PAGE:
When flamenco guitarist Juan Benavides started playing at 5 Walnut in 2009, the space was perfect. “That place is small and has more of an acoustic vibe,” he says. “That’s why I started playing there.” He’s been there ever since, although the musicians who play with him as the Juan Benavides Group have rotated in and out, creating different incarnations of the project, always rooted in the guitarist’s Latin and flamenco roots.
Recently the group has blossomed and taken on a more dynamic sound with the addition of players like Ryan Oslance and Shane Parish of the avant-garde duo Ahleuchatistas. As a result, Benavides’ weekly shows at 5 Walnut are regularly packed.
“It will be over capacity, with people spilling out on the street who can’t get in,” says Oslance. ” Inside, there’s not much room to dance anymore. So we’ve been talking about it for a while now, about how we can expand into something bigger, with a bigger venue and a bigger event.”
This was a particular concern because people were being turned away from 5 Walnut week after week, opening up the possibility that the gig was getting a reputation as something of a hassle for regular patrons. Enter Asheville Brewing Co., which has invited the Juan Benavides Group to move its weekly gig into The Millroom. That South Slope venue triples the capacity of the group’s shows while offering state-of-the-art sound, light and projection systems along with a full bar.
“It’s a good space for us because they don’t have anything going on regularly there, they just do special events,” says Oslance. “So it would be available and a really good spot. I think it’s gonna be the type of thing that could really build into something big.”
The band has already launched its new series, which takes place Wednesdays from 9 to 11 p.m.
The new space fits with the band’s current, more amplified sound that blends a disparate set of world music influences together with modern rock and soul flourishes. “As you play with jazz musicians or people who are more influenced by Western music, I think a kind of bridge is built,” says Benavides, who cites his Colombian heritage and time spent studying flamenco music in Spain as the central drivers of his songwriting.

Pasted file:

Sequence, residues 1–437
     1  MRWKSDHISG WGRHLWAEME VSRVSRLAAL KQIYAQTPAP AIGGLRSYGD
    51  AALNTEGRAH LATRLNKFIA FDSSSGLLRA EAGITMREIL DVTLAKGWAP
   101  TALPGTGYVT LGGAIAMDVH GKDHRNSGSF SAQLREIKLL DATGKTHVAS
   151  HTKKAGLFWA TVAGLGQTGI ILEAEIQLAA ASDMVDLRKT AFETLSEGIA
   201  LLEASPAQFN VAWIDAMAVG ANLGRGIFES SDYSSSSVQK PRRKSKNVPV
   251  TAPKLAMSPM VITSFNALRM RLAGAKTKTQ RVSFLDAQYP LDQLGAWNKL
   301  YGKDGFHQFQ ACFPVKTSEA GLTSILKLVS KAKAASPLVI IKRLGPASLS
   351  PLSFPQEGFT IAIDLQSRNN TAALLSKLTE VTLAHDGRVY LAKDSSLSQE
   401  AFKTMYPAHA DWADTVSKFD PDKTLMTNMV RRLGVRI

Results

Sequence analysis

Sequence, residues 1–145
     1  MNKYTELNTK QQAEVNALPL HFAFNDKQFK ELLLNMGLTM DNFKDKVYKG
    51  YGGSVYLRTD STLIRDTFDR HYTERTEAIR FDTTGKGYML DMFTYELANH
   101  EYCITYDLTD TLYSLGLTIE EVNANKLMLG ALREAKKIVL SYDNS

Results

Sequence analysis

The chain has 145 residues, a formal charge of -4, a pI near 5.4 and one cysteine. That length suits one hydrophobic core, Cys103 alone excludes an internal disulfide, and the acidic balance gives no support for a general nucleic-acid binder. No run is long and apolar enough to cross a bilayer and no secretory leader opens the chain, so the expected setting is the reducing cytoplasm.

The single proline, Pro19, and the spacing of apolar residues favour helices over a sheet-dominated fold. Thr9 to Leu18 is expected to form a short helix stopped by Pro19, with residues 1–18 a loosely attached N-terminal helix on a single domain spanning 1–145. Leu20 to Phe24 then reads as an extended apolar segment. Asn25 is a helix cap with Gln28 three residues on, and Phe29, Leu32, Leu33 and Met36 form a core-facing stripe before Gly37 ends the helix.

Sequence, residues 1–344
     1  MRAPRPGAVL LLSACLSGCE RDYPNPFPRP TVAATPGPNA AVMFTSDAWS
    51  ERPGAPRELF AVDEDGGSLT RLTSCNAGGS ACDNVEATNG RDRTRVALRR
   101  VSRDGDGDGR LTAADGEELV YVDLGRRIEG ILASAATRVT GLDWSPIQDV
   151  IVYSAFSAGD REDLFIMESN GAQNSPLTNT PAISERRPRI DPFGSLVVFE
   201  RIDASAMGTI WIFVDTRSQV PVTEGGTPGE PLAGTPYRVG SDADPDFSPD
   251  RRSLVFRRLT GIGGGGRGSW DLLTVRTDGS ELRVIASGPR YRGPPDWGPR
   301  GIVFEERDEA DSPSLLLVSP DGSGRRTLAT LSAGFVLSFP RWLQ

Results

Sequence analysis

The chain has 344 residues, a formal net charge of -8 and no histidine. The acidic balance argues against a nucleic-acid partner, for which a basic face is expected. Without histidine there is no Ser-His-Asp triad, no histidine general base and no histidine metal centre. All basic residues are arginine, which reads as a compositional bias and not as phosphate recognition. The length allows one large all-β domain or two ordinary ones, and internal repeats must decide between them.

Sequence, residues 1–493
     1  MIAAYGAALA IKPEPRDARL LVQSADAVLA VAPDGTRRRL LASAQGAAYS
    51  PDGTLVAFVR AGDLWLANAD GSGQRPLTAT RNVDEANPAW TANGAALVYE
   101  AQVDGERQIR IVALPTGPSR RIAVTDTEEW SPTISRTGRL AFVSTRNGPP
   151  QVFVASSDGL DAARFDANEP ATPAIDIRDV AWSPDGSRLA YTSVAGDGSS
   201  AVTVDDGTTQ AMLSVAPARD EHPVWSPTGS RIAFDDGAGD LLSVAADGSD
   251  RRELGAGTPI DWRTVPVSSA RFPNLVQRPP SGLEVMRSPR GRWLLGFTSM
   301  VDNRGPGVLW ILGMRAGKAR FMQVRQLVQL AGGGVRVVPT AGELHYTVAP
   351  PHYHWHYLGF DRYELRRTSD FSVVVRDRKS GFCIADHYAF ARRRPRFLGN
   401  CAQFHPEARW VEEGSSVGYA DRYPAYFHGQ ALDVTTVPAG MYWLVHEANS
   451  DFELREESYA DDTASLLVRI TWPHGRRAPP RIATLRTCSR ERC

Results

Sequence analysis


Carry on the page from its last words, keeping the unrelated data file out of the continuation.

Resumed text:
“I do play some numbers that are flamenco-influenced, very traditional,” he says. “But there’s a style of crossover, when the Cuban Revolution happened, and a lot of refugees went to Spain. This new sort of music emerged from the point of view of the European Gypsies that kind of coalesced with the Cuban. That’s why you have the rumba flamenca, the Gipsy Kings and a bunch of other people who have changed it around a bit.”
He continues, “Flamenco is the style in which the guitar is played, so the other influences are basically Spanish harmony or Middle Eastern, more exotic-sounding because of the Mediterranean influence.”
Benavides’ background is part of what attracted musicians like Oslance to the band. “You don’t often get a chance to play with people who have actually studied the music and lived in thoroughly,” he says. World music is something he’s always been drawn to as a listener and a player. “It’s a great experience for me to learn a style of music that I’m interested in. And it goes into any other style of music you play, whatever you can sponge up.”
Plus, it’s a starkly different atmosphere from a typical Ahleuchatistas show.
“I’m [really] drawn to how fun the environment is,” Oslance says. “Just being in a dance band and connecting with the audience so directly like that is a treat.”
Benavides also makes it clear how appreciative he is to 5 Walnut for hosting him for so long.
“We loved playing at Walnut — great people, incredible venue,” he says. “I think at this point we just wanted to develop the sound in a different way, and with a full sound system. And there’s a lot more space at The Millroom, so people can dance.”
WHO: Juan Benavides Group
WHERE: The Millroom, ashevillemillroom.com
WHEN: Wednesdays at 9 p.m., free